Goodreads helps you keep track of books you want to read.
Start by marking “The Double-Cross System: The Incredible True Story of How Nazi Spies Were Turned into Double Agents” as Want to Read:
The Double-Cross System: The Incredible True Story of How Nazi Spies Were Turned into Double Agents
Enlarge cover
Rate this book
Clear rating
Open Preview

The Double-Cross System: The Incredible True Story of How Nazi Spies Were Turned into Double Agents

4.01  ·  Rating details ·  182 Ratings  ·  20 Reviews
Filled with highly sensitive information about espionage, this secret report was never intended to go beyond a very select audience within the government and security services. The man who wrote it in 1945 was J. C. Masterman, MI5 recruit and leader of the shadowy XX Committee. He was the mastermind behind one of the war’s most remarkable achievements: finding, turning and ...more
Paperback, 224 pages
Published September 1st 2000 by The Lyons Press (first published February 16th 1972)
More Details... edit details

Friend Reviews

To see what your friends thought of this book, please sign up.

Reader Q&A

To ask other readers questions about The Double-Cross System, please sign up.

Be the first to ask a question about The Double-Cross System

Community Reviews

(showing 1-30)
Rating details
Sort: Default
Feb 10, 2013 rated it really liked it
Shelves: history
THE DOUBLE CROSS SYSTEM. (1972). J. C. Masterman. ****.
During WW II, espionage played a vital role in contributing to both the strategic and tactical plans of all combatants. A sub-set of espionage was the use of double agents. In this book, originally written as a final report to the Ministry in 1945, the author tells of how an organization reporting to MI5 managed to turn about forty of Germany’s spies into spies for the British effort. These spies were normally apprehended as they tried to e
Nov 12, 2012 rated it really liked it
Recommends it for: WW2 history buffs
Written shortly after the end of the Second World War but not published for almost 30 years after that, John Cecil Masterman's account of the "double cross" system is meticulous, balanced and well organized. Since it was written relatively soon after the war ended, Masterman's perspective is still very immediate and there isn't too much hindsight to colour the impressions he has. As one might expect of an Oxford don, he writes well, with elegantly long sentences and touches of wry humour (one ex ...more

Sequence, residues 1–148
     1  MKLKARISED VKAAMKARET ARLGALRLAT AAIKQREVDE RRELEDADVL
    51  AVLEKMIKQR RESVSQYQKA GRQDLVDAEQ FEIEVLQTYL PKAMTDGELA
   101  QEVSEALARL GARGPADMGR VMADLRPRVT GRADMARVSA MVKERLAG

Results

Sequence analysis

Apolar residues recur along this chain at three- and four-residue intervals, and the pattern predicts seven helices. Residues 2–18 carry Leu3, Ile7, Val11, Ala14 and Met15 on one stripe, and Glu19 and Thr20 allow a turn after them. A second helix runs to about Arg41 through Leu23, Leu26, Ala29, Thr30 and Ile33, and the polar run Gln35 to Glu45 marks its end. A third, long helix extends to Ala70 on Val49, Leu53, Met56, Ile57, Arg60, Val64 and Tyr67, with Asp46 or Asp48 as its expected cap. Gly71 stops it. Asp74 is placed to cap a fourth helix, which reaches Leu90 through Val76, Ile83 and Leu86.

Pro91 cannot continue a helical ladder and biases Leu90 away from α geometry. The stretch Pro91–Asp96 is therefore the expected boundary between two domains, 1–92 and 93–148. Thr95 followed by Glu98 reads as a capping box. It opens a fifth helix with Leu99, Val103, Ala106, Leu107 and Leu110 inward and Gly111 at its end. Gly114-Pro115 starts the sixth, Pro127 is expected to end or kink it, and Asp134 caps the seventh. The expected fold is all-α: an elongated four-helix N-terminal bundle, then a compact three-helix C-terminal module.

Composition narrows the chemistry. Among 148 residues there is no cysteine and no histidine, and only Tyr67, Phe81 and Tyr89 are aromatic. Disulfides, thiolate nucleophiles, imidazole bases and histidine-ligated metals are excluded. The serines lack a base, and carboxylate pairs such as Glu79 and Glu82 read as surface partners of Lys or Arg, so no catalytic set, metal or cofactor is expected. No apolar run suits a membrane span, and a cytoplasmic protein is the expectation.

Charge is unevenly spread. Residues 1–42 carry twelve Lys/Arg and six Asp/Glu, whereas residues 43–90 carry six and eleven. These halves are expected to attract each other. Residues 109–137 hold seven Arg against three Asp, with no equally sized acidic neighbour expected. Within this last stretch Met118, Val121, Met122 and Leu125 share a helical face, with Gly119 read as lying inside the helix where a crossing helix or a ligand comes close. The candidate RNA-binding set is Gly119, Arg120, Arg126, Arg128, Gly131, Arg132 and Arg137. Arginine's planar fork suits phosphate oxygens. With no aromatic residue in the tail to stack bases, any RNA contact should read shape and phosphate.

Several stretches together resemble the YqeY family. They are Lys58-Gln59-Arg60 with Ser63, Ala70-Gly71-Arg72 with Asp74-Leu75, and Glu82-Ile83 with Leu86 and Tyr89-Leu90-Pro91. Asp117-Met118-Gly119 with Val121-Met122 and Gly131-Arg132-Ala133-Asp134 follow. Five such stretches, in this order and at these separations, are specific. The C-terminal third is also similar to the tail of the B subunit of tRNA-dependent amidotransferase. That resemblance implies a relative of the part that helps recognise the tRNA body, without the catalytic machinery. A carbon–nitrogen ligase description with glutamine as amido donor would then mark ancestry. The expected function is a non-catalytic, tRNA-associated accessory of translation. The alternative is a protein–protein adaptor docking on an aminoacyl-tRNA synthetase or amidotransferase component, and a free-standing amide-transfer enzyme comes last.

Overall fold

Zella Kate
Decided to reread this after reading Marks's book. Masterman focuses specifically on how the British infiltrated the German spy system in England and turned the agents into double agents. This was written as a government report shortly after the war ended, so in many ways, it reads like a report, but Masterman has a sly sense of humor that periodically pops up. And the topic itself is fascinating as he relates stories of staged sabotage and deception. Masterman also matter of factly gives practi ...more
A rather dry account of the counter espionage program carried on by Britain in WWII. It was never meant to be the material of a best seller, it seems, and thus the rather amazing information is conveyed in a straightforward, mostly unadorned business-like manner. However, there are a few intermittent touches of wry humor.
Nishant Pappireddi
A good explanation of how the British controlled the entire German spy network in the UK by turning them into double agents and how they made use of the double cross system.
Mohammad Ali
Jun 27, 2017 rated it really liked it
Oh boy, the British took the Germans for a wild ride with their double agents during world war two. Awesome read on how they hired from competition, convinced people to betray their paymasters for their own benefit. A very methodical book, which is primarily a declassified report on the whole affair, submitted right after the war.

It's not just a propaganda book, it describes the nature of double agents, counter-espionage, mistakes that were made, what went well and what not. It shows the uncert
Scott Weeks
Dry, but compelling. Dry because it is a reprint in book form of a government report, compelling because it is a report on how the British government in World War II controlled the German spy network in England. Masterman introduces the work with thoughts on the whys and wherefores of running a double cross system-where the German spies were turned and used against Germany, rather than merely being arrested and thrown in prison-among other reasons, they could control what information Germany rec ...more
Aug 06, 2007 rated it liked it
Recommends it for: WWII and espionage buffs
Shelves: espionage
I'm fascinated by the deception campaigns of WWII. This book was written by one of the men who devised the "double-cross system," in which the British intelligence service fed misinformation to the Germans. Basically, all the German spies in Britain were captured early on in the war and subsequently controlled by the British.

The book is essentially a government report that was written, but not released until 1972. (Basically, the British were not in any particular hurry to disclose their methods
Nov 16, 2011 rated it really liked it  ·  review of another edition